4/23/2012

Hengchun (恆春) Incident

I came across the Hengchun (恆春) Incident of 1894 in the British Consular Reports on Taiwan. Here is R.W. Hurst, the British Consul, giving a play-by-play from his office in Tamsui, Taiwan on April 11, 1894:

"It appears the officials at Heng Chen commissioned one Beiukiet [Pan Wen-jie or 潘文杰], the chief of the the Teirasock tribe [part of the Paiwan] to invite a certain of the chiefs of the Bootaugs [Botans, I think, as they gained a reputation for their tenacity fighting the Japanese during the Mudan Incident and as it is the closest pronunciation match I can make in terms of aborigines in the area], the most warlike and powerful tribe in the South to meet them at an interview, a safe conduct being guaranteed. Four of the sub chiefs accordingly came, but no sooner were they within the walls of Heng Chen, than notwithstanding the promised safe conduct they were summarily beheaded. The Chinese claimed that this was a justifiable act of retaliation for the wanton murder of some wood cutters two or three months earlier, but the Bootaugs were so exasperated by the treachery that they turned out in force the whole length of their frontier, extending over some twenty miles of the sea coast, raiding several villages, killing a number of soldiers and peasants, and effectually blockaded the high road. However by some means the Chinese managed to entrap two more of the tribe but dare not kill them for fear of the consequences, but sent sent [Hurst wrote this word twice] to the aborigines that any further aggressiveness would result in the death of their captives. The aborigines on their part sent a counter threat, to the effect that if a hair of their men's heads were injured, they would ravage the whole country up to the gates of Heng Chen. Consequently a state of armed truce exists at the present moment and the road is open to traders and others."

First off, I doubt the four sub chiefs were executed as a retaliation for the "wanton murder of the wood cutters" because the Chinese didn't care a fig for the well-being of their citizens in 1894. I don't think I need to back this up either. The chiefs were most likely executed because the Chinese were looking to weaken the Bootaugs and shift the balance of power. Look at how they responded when the Bootaugs went ballistic, "killing a number of soldiers and peasants." To tell the truth, I don't really have much to add to this story as Hurst did such a great job calling the action (I just wanted to share it). I'm guessing that the Bootaugs eventually came out on top in this matter. In less than four months, China would be at war with Japan. This kind of disturbance would have been something they wanted resolved. Hurst does not bring up Hengchun in later reports either, other than to state 600 Chinese troops were moved to the town. As Hengchun was walled at the time, it could serve as a fort and base in securing the southern coast against invasion. BTW, it's interesting here to see him calling the Paiwan (排灣) aborigines and not savages.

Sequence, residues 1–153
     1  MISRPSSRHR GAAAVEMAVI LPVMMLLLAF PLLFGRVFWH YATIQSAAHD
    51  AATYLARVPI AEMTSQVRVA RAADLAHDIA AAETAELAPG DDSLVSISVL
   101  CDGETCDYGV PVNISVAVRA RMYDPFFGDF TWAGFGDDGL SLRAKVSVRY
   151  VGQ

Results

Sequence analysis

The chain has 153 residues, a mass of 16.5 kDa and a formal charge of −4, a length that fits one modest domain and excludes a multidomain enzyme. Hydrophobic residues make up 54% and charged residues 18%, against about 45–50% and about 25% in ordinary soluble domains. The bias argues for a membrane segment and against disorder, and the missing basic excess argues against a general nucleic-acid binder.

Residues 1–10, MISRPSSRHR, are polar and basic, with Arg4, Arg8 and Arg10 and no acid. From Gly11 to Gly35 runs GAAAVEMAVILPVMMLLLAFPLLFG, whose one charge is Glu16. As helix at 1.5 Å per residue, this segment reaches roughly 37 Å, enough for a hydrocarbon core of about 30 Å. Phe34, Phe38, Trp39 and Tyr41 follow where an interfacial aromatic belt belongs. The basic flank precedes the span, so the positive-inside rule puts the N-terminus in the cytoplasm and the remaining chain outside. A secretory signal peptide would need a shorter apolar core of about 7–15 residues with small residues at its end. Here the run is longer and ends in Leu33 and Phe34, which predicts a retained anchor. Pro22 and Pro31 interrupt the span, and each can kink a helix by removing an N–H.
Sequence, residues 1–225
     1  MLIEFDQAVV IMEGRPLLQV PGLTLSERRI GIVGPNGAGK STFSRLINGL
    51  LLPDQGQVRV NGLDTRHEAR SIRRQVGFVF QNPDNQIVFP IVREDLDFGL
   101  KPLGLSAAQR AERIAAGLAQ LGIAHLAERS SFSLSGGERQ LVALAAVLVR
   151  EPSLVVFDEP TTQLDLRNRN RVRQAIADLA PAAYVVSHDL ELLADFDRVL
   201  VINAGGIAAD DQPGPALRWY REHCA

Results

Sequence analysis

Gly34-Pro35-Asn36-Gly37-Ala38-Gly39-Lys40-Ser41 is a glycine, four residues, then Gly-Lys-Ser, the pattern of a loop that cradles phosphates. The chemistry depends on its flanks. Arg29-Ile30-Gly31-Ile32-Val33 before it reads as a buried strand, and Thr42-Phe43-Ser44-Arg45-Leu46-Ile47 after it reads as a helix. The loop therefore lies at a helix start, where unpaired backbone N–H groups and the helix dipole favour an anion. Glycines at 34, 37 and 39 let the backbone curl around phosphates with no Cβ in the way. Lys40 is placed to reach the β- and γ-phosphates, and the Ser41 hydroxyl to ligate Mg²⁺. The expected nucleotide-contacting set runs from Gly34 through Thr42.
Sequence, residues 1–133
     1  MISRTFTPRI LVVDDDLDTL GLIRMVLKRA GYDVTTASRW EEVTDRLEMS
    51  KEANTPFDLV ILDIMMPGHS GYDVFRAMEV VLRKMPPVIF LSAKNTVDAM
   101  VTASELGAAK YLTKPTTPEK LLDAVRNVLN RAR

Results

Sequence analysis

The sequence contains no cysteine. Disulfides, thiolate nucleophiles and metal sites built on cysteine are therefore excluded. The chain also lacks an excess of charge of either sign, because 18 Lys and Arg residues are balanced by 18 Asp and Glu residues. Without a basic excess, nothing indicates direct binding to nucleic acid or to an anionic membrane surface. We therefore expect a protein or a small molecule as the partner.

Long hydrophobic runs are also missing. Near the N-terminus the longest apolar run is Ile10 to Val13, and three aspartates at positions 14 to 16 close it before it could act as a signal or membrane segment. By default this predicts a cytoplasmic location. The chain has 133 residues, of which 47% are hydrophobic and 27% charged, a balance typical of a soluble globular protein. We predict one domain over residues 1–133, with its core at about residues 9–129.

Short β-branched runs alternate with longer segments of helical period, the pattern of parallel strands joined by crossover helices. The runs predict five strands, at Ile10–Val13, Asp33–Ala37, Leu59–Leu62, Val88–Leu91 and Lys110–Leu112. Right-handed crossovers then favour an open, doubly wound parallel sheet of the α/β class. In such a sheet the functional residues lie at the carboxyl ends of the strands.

I also wish I could find something regarding Pan Wen-jie (潘文杰), as he is a fascinating character. There's a little bit online in Chinese. Like so many of us in Taiwan, Pan was of mixed blood. His father was of Chinese ancestry while his mother was of the Paiwan. Pan was adopted by his mother's little brother Zhou Qidu (卓杞篤) and as a boy witnessed his uncle's great soldiering and diplomatic skills, especially during the Mudan (牡丹) Incident of 1874, when Japanese troops landed to exact revenge upon local aborigines for killing citizens shipwrecked on the southern coast of Taiwan. Besides serving as a negotiator between the Chinese and Paiwan when he grew up, Pan also acted as a go-between for the Paiwan and Japanese after 1895, when Taiwan became a colony of Japan as well as the Taiwanese and Japanese. I can't find much more, other than to say he lived from 1854 to 1904 (or 1905) and that he was originally surnamed Lin (林).   

I probably don't need to point out that Hengchun continues to thrive. As the southernmost town in Taiwan, it has great weather and lots of beaches. It was also the location for the popular Taiwanese movie Cape No. 7. The walls mentioned above are gone, but the gates are still intact and worth checking out. I'll put up a link to a post by The Daily Bubble Tea, because he has some great shots of them: http://goo.gl/PP1oL.

6 comments:

EyeDoc said...

Have you checked out The Japanese Expedition to Formosa by Edward H House (1875), available free as an eBook from Google. Ch 11 may have what you are looking for.

Patrick Cowsill said...

Thanks. Here I was laboring through the Chinese and the info is sitting there in English.

Anonymous said...

I am curious about the "Pan" character. It seems the Paiwan part was an anachronous reconstruction as the classifications were the result of a Japanese colonial effort. The surname Pan in southern Taiwan is common for Makatao and Siraya people who migrated inland.

Patrick Cowsill said...

"The surname Pan in southern Taiwan is common for Makatao and Siraya people who migrated inland."

His real last name is Lin, as mentioned. Pan was given to him by the Taiwanese later on.

Andre said...

good read. it's always fascinating to read about Hengchun since my dad's family is from there. wished grandpa was still around so i could ask him if knows anything about any of these events as he was born in the Hengchun area in the early 1900's. we always enjoyed hearing stories from him when we were kids.

Patrick Cowsill said...

Yeah. I often talk to my wife's grandma, who is 93, about the Taipei during the war, under the Japanese, etc. She has some great stories to tell. I should put a few up.